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Complete Guide to Core Web Vitals

May 4, 2021 No Comments

Featured article by Dhruv Chawla, Independent technology Author

With Google’s Page Experience update coming out in May 2021, many online businesses have been anxiously waiting while working on improving their Core Web Vitals. But, what exactly are these Core Web Vitals. In this article, we will be providing you a complete guide to understanding them and how they can boost your rankings.


What are Core Web Vitals?

The fact that you need an optimized website for better rankings isn’t new to anyone. Google has always incentivized websites that are mobile-friendly, secure, and have high speed and performance. Core Web Vitals are the benchmarks your website must meet to qualify for the ranking boost. Here are the three Core Web Vitals:

1.   Largest Contentful Paint (LCP)

This measures the point at which the screen has the largest content element. It doesn’t measure how much time it takes for the web page to fully load, but at when the important part loads. If your web page has a large image and a piece of text, the large image will be the LCP since it is the largest content to load in the web browser. If you get that to load quicker, the website will appear faster. So, in some cases, LCP can be as simple as image optimization. These elements can be any type of content such as images, videos, etc. In the past, metrics such as First Meaningful Content was used that measured the amount of time it took for the first content to appear on the screen.

As per Google, the LCP should happen in the first 2.5 seconds of the web page loading. Everything that occurs under 4 seconds should be improved and everything else that takes longer than that should be considered performing poorly. LCP is a dynamic metric which means the first thing that appears might not exactly be the largest content. Once the largest piece of content appears, the LCP will shift to that. LCP can be affected by several factors including slow server response times, slow-loading resources, render-blocking CSS and JavaScript, and issues on client-side rendering.


2.   First Input Delay (FID)

This Core Web Vital measures the amount of time the browser takes to respond to the first interaction of the user. If the browser reacts faster, the page will appear more responsive. Your page responsiveness is what will decide whether your user has a positive experience or not. The FID will measure every interaction happening while the page is loading including input actions such as clicks, taps, and clicks, but not interactions like scrolling and zooming. According to Google, in order for a page to appear responsible, the FID should be less than 100 ms. If your score is between 100 ms to 300 ms, your website needs improvement and anything above that should be considered poor performance.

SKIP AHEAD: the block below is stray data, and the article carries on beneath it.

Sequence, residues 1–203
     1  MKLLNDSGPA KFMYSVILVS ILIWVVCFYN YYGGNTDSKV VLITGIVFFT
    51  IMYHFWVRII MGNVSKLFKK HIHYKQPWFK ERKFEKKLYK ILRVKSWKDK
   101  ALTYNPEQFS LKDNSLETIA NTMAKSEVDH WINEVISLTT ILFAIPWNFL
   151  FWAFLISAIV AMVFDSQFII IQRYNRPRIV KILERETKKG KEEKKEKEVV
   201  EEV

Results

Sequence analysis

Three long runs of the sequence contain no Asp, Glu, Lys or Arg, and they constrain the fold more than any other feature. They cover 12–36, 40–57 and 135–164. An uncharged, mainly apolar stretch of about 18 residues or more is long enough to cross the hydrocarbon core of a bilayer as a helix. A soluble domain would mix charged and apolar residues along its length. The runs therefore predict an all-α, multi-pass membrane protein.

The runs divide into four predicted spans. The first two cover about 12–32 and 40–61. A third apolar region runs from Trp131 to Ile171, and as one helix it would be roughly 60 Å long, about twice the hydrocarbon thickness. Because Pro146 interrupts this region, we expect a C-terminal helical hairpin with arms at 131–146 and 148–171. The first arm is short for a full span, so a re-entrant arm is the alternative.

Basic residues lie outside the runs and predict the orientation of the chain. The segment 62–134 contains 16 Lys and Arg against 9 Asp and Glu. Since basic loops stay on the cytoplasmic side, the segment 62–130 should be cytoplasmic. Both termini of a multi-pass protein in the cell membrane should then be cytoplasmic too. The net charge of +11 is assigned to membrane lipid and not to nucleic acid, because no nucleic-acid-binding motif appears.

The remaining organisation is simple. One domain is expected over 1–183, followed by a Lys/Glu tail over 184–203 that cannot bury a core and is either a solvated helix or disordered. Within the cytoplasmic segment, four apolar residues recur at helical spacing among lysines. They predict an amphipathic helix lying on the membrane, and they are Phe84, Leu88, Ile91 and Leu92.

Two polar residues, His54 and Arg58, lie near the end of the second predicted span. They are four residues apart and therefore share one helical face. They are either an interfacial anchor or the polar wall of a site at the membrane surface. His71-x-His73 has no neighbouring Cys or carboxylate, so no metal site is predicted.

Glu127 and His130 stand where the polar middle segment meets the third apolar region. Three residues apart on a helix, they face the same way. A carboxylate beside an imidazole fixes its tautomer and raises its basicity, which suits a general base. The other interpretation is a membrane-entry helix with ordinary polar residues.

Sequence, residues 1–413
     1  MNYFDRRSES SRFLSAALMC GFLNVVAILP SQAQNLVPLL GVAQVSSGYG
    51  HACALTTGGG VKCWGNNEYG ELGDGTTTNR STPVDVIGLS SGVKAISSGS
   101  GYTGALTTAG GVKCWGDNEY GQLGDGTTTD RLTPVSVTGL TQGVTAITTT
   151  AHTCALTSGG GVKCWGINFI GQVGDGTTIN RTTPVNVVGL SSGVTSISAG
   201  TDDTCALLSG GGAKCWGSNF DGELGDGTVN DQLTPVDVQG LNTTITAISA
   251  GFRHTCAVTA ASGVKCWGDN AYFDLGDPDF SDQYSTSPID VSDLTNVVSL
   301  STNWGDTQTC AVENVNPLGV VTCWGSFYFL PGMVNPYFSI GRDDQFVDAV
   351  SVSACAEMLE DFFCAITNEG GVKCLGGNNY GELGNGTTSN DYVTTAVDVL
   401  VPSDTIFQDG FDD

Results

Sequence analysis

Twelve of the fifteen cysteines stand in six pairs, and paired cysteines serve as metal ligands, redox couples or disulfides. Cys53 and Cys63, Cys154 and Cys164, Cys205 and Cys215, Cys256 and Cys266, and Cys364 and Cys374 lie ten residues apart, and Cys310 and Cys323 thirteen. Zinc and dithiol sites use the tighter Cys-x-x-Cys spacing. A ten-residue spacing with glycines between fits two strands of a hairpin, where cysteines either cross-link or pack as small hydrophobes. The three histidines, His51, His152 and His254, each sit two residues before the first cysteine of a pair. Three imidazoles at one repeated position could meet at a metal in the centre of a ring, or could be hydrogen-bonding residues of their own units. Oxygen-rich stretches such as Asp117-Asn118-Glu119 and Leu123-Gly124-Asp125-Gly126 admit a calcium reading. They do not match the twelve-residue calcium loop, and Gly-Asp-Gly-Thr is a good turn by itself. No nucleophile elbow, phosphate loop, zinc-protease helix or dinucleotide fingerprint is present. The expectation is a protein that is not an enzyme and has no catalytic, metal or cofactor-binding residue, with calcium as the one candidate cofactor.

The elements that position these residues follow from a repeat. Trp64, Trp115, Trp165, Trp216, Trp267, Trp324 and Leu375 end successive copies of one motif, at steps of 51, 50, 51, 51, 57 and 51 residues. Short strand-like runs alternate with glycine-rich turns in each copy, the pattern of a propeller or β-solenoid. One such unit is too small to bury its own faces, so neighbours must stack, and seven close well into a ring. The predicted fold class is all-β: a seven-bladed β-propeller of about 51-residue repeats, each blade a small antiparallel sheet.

Please note that if there isn’t any user interaction, the FID won’t be measured. This means that Google can’t use data from the lab for predicting FID. What they need is field data or data from real users. Also, since users have different types of devices which have different environments, the field data is less controllable. If you want to improve your scores, you have to focus on JavaScript. JavaScript is used for building amazing interactions, but the complex code can also slow your website. While the browser is executing JavaScript, it is unable to respond to input. By improving JavaScript code, you can work on improving your FID score.

3.   Cumulative Layout Shift (CLS)

This is a new metric that determines how the ‘stable’ stuff is loading onto the screen. It measures how often a piece of content jumps around while the web page is loading and by how much. Sometimes, a button loads on the screen. In the background, a large piece of content is still being loaded. When the content fully loads, the button will be pushed down a bit, maybe just when the user was about to hit the button.

Layout shifts are more frequent with ads. For many websites, ads are a lifeline, but in most cases, they are so poorly loaded that the user gets frustrated. Also, websites today have so much going on that they can be heavy to load. Content will be loaded when it is ready resulting in CTAs or content jumping around on the screen and resulting in slower loading content.

The CLS compares frames for determining the elements’ movement. It takes the point at which the shifts happen and calculates how severe the movements were. A score below 0.1 is considered good, a score between 0.1 and 0.25 means your website needs work, and everything above 0.25 is poor.

By combining these vitals, the Google algorithm will be able to incorporate a new factor for ranking named page experience. As a website owner, it is your responsibility to ensure that you have an acceptable score. If you want to know more about the Core Web Vitals, contact Edkent Media SEO Services.

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